Former Massey Coal Mines Targeted In Massive Inspection Blitz

Dozens of federal mine safety inspectors descended into 43 coal mines in three Appalachian states Wednesday in a massive, one-day blitz targeting mines once owned by Massey Energy.

A spokeswoman for the Mine Safety and Health Administration confirmed the sweep Thursday but did not provide many details.

All the mines involved are in West Virginia, Virginia and Kentucky and are now owned by Alpha Natural Resources, which absorbed Massey Energy after a disastrous explosion killed 29 coal miners at Massey’s Upper Big Branch mine in West Virginia in 2010.

The mines targeted for these surprise “impact” inspections represent 30 percent of all the coal mines Alpha now operates.

Alpha spokesman Ted Pile has not responded to an NPR request for comment.

A source familiar with the inspections say they were focused on conveyor belts used to transport coal underground. The source is not authorized to discuss the inspections publicly and spoke on the condition of anonymity.

A fire involving a conveyor belt in Massey’s Aracoma Alma Mine [PDF] in West Virginia in 2006 led to the deaths of two coal miners, corporate criminal charges against the company and more than $4 million in civil and criminal fines.

MSHA spokeswoman Amy Louviere confirms that Wednesday’s massive inspection blitz was prompted by a recent incident involving a burning conveyor belt at Alpha’s Road Fork #51 mine in Wyoming County, W. Va., which was also once owned by Massey.

That incident included smoke but no fire, according to NPR’s source. MSHA decided to then quickly target the other former Massey mines for surprise inspections “because of the serious nature of the incident,” according to Louviere.

According to MSHA records, Road Fork #51 was cited this week for a number of “serious and substantial” mine safety violations classified as “unwarrantable failures” considered “aggravated conduct constituting more than ordinary negligence.” The citations involve fire safety procedures and equipment and regulations governing conveyor belts. But detailed descriptions of the violations are not included in MSHA records available to the public.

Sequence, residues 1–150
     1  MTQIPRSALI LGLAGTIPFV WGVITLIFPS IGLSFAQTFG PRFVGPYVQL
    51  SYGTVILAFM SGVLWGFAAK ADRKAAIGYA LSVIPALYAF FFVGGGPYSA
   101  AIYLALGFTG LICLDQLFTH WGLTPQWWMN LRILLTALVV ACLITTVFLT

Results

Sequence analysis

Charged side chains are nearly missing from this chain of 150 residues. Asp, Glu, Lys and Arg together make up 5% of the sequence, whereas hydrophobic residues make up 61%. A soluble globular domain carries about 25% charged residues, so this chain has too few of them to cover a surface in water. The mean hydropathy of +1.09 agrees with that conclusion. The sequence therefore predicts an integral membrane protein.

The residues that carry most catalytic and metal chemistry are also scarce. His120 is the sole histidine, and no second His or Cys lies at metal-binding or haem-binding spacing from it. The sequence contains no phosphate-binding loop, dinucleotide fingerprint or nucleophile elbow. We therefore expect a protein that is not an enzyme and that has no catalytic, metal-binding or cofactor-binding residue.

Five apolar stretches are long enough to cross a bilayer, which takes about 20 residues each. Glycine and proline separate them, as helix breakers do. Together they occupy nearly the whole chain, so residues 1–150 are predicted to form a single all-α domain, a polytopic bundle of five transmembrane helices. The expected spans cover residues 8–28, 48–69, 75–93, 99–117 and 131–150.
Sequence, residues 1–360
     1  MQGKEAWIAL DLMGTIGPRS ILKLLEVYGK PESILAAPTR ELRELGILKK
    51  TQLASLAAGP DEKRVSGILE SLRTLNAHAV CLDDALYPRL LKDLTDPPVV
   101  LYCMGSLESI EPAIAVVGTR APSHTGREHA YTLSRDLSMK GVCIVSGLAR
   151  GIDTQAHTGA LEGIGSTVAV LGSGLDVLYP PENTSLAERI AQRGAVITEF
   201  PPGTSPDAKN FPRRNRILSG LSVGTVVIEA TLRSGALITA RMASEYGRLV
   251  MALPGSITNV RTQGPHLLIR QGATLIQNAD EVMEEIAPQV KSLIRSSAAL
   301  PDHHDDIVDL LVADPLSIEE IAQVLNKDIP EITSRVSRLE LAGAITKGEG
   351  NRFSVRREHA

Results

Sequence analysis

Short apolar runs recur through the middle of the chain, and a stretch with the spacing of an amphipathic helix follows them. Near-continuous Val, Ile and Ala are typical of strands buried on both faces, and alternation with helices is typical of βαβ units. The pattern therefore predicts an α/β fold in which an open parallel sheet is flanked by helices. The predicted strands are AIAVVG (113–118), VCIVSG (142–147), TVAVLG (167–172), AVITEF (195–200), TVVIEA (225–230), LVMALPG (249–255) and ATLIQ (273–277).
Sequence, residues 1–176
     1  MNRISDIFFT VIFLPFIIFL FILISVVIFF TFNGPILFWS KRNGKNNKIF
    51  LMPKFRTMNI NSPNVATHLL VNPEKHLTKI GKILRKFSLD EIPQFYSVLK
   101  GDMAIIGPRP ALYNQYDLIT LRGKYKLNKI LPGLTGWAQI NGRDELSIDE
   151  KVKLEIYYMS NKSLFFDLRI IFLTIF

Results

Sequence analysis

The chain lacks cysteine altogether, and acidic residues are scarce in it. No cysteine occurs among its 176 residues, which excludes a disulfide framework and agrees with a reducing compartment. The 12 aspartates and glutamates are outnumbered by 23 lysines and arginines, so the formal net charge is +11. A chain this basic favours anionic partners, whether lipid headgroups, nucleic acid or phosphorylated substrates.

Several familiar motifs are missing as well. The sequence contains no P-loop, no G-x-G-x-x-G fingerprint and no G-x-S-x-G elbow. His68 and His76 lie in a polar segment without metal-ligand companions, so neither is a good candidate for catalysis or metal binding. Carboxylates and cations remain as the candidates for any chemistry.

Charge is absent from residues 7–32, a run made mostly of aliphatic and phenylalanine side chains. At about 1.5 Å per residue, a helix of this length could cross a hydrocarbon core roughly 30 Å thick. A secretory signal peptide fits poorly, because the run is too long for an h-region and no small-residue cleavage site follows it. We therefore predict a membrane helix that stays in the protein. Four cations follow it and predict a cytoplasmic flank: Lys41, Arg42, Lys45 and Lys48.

“We are still investigating at Road Fork, so it would be premature to speculate whether the circumstances are similar to what happened at Aracoma,” Louviere says.

As for Wednesday’s inspection blitz, Louviere adds that “no violations as serious as this one [at Road Fork #51] were found … but the number and nature of citations and orders issued are still under review.”

Alpha has made much of its “Running Right” safety program since its takeover of Massey last year. Thousands of former Massey employees have gone through Alpha safety training and the company has pledged to improve on Massey’s safety record, which was one of the worst in the industry. And by some measures, the company’s overall safety record has improved.

But late last year, Rep. George Miller (D-Calif.) said on the floor of the U.S. House of Representatives that Alpha has displayed “some troubling contradictions that merit a careful watch.”

Some former Massey executives responsible for managing and overseeing some of the company’s most troubled mines continue to work for Alpha.

Earlier this month, Alpha announced the creation of a mine safety and health foundation, which is part of a $209 million settlement with the Justice Department stemming from the Upper Big Branch Mine disaster. The settlement kept the company from facing corporate criminal charges for the tragedy, which occurred before the Massey acquisition.

In the announcement, Alpha CEO Kevin Crutchfield said, “The safety of our employees is the highest value of our company, and mine safety and health is imperative to the success of our industry.”

MSHA has staged a number of surprise “impact” inspections since the Upper Big Branch explosion but none have focused on so many mines owned by a single company on a single day.

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